Formerly the PV Mirror - a weekly; Meet Vallarta Mirror - the daily

Hope Abounds

This past weekend we almost lost our little terrier/chihuahua/something-we-can’t-quite put-our-finger-on dog, Max. Actually, we DID lose our little street rescue for a while, but he’s back now. He’s ever-so-slightly worse for wear, but right where he should be. He’s been sleepy, but to be quite honest, that’s not a big stretch for Max, who loves a good ol’ day-long nap. He’s a senior citizen, our Max. He doesn’t like to roam that far from his favorite couch.

And that’s why the whole thing is puzzling. He’s not a wanderer, for one thing. Well, not anymore. 

Oh, back in the day, he got into some shenanigans, let me tell you. When we’d leave the window open beside our front door, he could squeeze out of it and chase us down the street as we walked to the store. But those days are long over for Max.

Nowadays, he’ll saunter up to the bars of the front door to find out what his younger sister Misa is barking at. He’ll lend a huffy bark or two and then go back to the couch to lay with his nose between his two front legs.

Yesterday, when my daughter and I got home from school, we found Misa locked upstairs in our bedroom, yapping like someone had slammed her tail in the door.

At first, we couldn’t figure out why she was so upset, racing up and down the stairs trying to lead us to the front door. But when we called for Max and couldn’t find him, we realized she was trying to tell us something was wrong.

I tried calling Gil, my husband, but he didn’t answer, so I began to fear that Max had some kind of medical emergency. When he walked into the house Max-less, I assumed the worst, and my brain started thumbing through the first stages of grief. But when we asked Gil, his answer made my blood run cold, just like it did when I was a kid, and someone uttered that line in the old urban legend: “the call is coming from inside the house.”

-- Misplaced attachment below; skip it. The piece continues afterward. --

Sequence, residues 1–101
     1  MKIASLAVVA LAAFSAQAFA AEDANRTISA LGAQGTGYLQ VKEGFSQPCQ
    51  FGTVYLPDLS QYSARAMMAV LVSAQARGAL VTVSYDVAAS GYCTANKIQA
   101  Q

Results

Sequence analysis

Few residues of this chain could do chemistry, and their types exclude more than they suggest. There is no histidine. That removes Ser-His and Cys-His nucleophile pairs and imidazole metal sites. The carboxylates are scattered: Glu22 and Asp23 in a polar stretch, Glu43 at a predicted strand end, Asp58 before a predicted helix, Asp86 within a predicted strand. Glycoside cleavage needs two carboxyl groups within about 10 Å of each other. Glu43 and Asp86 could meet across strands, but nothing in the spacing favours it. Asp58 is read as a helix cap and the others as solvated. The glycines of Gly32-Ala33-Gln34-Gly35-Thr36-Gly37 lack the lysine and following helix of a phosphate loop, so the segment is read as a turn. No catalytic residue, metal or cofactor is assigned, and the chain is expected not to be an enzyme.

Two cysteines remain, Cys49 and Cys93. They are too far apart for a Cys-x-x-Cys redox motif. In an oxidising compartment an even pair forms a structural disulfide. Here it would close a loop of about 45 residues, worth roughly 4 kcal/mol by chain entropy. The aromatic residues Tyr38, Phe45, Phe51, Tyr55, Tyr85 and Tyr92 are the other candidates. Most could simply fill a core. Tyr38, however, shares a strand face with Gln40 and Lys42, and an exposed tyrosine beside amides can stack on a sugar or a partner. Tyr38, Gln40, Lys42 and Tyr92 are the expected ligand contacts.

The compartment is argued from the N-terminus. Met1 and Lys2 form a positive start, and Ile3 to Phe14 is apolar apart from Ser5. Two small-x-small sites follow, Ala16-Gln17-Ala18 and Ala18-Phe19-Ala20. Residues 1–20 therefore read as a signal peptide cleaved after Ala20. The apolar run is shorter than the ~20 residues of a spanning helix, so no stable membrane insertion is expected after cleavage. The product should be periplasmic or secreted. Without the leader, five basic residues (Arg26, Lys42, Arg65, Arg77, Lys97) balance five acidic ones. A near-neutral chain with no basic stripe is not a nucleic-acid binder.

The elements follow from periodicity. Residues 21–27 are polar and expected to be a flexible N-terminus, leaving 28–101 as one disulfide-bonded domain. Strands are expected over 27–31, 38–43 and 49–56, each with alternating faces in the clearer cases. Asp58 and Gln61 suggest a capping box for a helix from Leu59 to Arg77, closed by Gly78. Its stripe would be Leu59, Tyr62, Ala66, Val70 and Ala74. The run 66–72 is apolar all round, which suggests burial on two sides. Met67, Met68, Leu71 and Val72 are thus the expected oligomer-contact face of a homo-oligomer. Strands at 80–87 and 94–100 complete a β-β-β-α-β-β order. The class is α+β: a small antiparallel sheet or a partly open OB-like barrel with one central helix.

He said, “What do you mean? I left Max upstairs in the bedroom.” My heart dropped to my shoes. We all stared at each other, almost comically, for a split second. Then we all started racing around the house, shouting, “MAX! MAX! MAAAAAX!”

We couldn’t figure out how he got out until we saw a broken tree branch under the SECOND FLOOR WINDOW. 

It appeared that the old gent had managed to climb up to peer out, then leaned a little too far to huff at someone passing by and took a tumble out the window. Thankfully, a very leafy, dense tree must have caught his fall. But still.

He’s a shy fellow, so if someone had approached him, he would have run, and then may not have been able to find his way back.

This knowledge led to a complete scouring of our entire neighborhood, campaigning neighbors and strangers on the street. We spread out and drove our cars around, shouting his name. We took Misa with us, hoping her presence would draw him out. 

My daughter stayed home in case he was able to limp back home while GIl and I took to the streets again. My voice began to quiver as I shouted his name, sounding less like a friendly pet mom and much more like La Llorona weeping for her fur baby. While walking, shouting and crying, I uploaded pictures to lost dog sites on social media.

Just when I started tearfully rehearsing how I’d break the news to my older son living in Canada, my phone rang. It was my daughter, sobbing. I began mentally preparing for all seven stages of grief. My Max, my right-hand dog. Hope was lost.

But then I started to make out the words through her tears: “He’s ok! He’s home!” 

Gil had taken a hike deep into the jungly back lots behind our house, praying under his breath. Just when he was ready to give up, he stared straight into the eyes of our unbelievably filthy, elderly little Max. They stared at each other for a second, barely able to register the wonder of finding each other while wandering around in a tropical jungle. Then, both human and dog raced full speed toward each other. Max leaped into his human dad’s arms like he hadn’t leaped in about three years. Even though he had just very recently fallen out of a two-story window. It’s weird how ok he is, to be very honest with you. The vet says we are so lucky. Don’t I know it?

The moral of the story: I don’t know, I just had to unload this very stressful story. 

Or actually, yes: Do NOT assume your dog won’t fall out of a window because you think he’s too old for climbing up and too much of a fluffy genius anyway. Close those windows if you aren’t with your dog. 

Also, Hope abounds. It can come to you like a wonderful surprise in the middle of a muddy jungle, with the force of a desperately joyful dog. Never give it up.

Author

  • Leza Warkentin

    I have been living and teaching in Puerto Vallarta, Mexico, since the turn of the century. I am a Canadian with a musician-Mexican husband and two Mexican-Canadian patas saladas who are growing up way too fast.

RELATED ARTICLES

Most Popular